Matthew Bourne's Swan Lake

  • Mathew Bourne's Swan Lake big
Matthew Bourne’s Swan Lake is a contemporary take on a traditional ballet. Bourne’s interpretation was first staged at Sadler’s Wells in 1995 and is the longest running ballet in the West End, returning almost every year as a seasonal favourite.

Bourne’s Swan Lake steers away from the traditional story of Swan Lake whilst still drawing influence from the essence of the storyline. Bourne’s interpretation focuses on a young prince, his beautiful but disapproving mother, and his urge for freedom. After continued boredom at his regal duties and constant repression from his mother, the Prince is driven insane and begins to imagine his freedom, which is embodied in his swan fantasy. As tensions build further in the young Prince’s home life, he descends further into madness.

Bourne’s show is considered to be rather radical for its modern elements, that include a 70’s style disco bar and various sections of contemporary dance. Most radical of all is that, for the first time ever, Bourne’s Swan lake dispensed with the traditional female corps de ballet as the swans and instead replaced them with buff, shirtless and aggressive males.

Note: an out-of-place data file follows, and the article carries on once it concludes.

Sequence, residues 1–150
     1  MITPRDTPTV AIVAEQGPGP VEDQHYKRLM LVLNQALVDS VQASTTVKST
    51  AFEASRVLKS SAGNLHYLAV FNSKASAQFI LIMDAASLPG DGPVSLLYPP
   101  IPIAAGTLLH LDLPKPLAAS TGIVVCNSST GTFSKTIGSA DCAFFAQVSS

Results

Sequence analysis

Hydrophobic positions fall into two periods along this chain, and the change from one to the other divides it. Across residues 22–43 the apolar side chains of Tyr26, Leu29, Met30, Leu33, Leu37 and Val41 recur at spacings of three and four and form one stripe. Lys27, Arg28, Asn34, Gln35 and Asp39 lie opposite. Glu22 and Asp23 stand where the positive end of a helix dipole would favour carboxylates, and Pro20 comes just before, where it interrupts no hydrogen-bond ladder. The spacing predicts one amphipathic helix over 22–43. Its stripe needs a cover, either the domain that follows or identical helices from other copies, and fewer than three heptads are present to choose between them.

Despite defying convention with a controversial adaptation of the traditional ballet tale, Bourne sticks to the timeless and beautiful score of  Pyotr Il'yich Tchaikovsky, which accents the movement on stage.

With Bourne’s provocative adaptation and Lez Brotherson’s bold designs alongside Tchaikovsky’s traditional score, the show promises to be a Swan Lake for the modern era.

Child Friendly?

The show is dark and sexually aggressive in some places, with a few scenes of violence. For this reason the show is not suitable for young children, however older children accompanied by an adult may enjoy the show for its flawless dancing.

Seating Tips

Click here for the Sadlers Wells seating chart and seat price guide.